Clark-Pleasant has been one of the fastest-growing school districts in the county. While the school district isn’t enrolling 400 to 500 new students each year as it did six or seven years ago, the growth is expected to continue over the next decade. A demographic study conducted last year indicated that by 2023, the school district could have more than 7,400 students, a 19 percent increase.
Most of that growth is expected at the intermediate, middle and high schools. The middle and high schools have space for more students, but the intermediate school is nearly out of room.
Upgrading the athletic facilities isn’t taking resources away from the needs of Clark-Pleasant’s schools, Spray said. School officials are working now to reassess how many students can attend school in each building, and Spray expects to form committees and host public meetings this school year focused on how to best handle student growth.
Based on the number of students expected over the next decade, Spray doesn’t expect the school district will have to consider any major building projects at a school for at least five years. The athletic updates need to happen sooner, he said.
“This is a pretty significant need, so I would put this toward the top of the priority list,” he said.
Venter also asked Spray and representatives from CSO Architects why it’s necessary for Clark-Pleasant to carry out all of the projects simultaneously. The answer is that most of the projects affect one another: the track expansion and artificial turf addition, for example, need to be done at the same time. Working on the project together also saves on the cost of project supervisors and manpower, the officials said.
Wish list created
Spray told the board he knows this is a lightning rod proposal, which some residents will love and others will be critical of. But he believes it’s necessary to ensure Whiteland’s students have the best and most affordable athletics facilities possible.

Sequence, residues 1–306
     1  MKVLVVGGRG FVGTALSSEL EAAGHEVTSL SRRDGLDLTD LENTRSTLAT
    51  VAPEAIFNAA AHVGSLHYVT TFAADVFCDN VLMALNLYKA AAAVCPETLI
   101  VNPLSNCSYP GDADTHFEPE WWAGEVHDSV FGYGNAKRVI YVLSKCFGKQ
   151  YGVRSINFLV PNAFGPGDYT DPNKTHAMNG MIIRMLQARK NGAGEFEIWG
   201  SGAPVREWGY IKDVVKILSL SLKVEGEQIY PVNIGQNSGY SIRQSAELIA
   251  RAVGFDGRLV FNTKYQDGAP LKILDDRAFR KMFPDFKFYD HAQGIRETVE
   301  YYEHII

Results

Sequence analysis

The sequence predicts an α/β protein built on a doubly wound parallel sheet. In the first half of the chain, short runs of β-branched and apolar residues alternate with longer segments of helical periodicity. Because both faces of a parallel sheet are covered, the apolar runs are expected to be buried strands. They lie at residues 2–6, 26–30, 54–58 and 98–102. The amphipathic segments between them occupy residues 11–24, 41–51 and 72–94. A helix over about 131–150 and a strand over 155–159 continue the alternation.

Clark-Pleasant officials have been discussing plans to upgrade facilities in and around Whiteland’s football stadium since 2012, but this is the first time there’s been serious talk about how to pay for the changes.
Two years ago, Sears created a wish list of upgrades he wanted to make at the high school, including upgrading the locker rooms, expanding the track and adding artificial turf to the football stadium. Clark-Pleasant used $141,000 from a 2011 advertising agreement with Johnson Memorial Hospital and Community Health Network to pay for about 700 new bleacher seats on the home side of the football stadium. He also received donations in exchange for name recognition to pay for pole barns used by Whiteland’s soccer, baseball and softball teams.
Over the summer, the school district used a $100,000 donation and tax dollars to replace bleachers on the visitor side of the stadium, which were becoming unsafe, Spray said.
But school officials also told Sears when he pitched the projects that he would have to find donors. By last spring, the search for donations had all but stopped, and he didn’t expect the upgrades would happen anytime soon.
“We’re kind of in a holding pattern,” Sears said in March. “Donations haven’t come in like we’ve hoped.”
But as more Whiteland parents, residents and students told him the track, football field, concession stands, locker rooms and other facilities were out of date, Spray decided the school district needed to find a way to afford new ones.
Other projects underway
Several other area school districts have either started or are planning construction projects as they’re either expecting more students over the next several years or need to ensure students have a safe place to learn.
At Center Grove Elementary and North Grove Elementary schools, the gymnasiums are being moved to the buildings’ exteriors and classrooms are being added. Greenwood schools just finished a project to add classrooms at Westwood Elementary and Southwest Elementary schools.
Nineveh-Hensley-Jackson’s school board voted earlier this year to add a wing onto Indian Creek Intermediate School for elementary students, as some sections of Indian Creek Elementary are more than 70 years old. Because 100 Indian Creek residents signed a petition challenging the project, that project will be decided by a petition race that began today.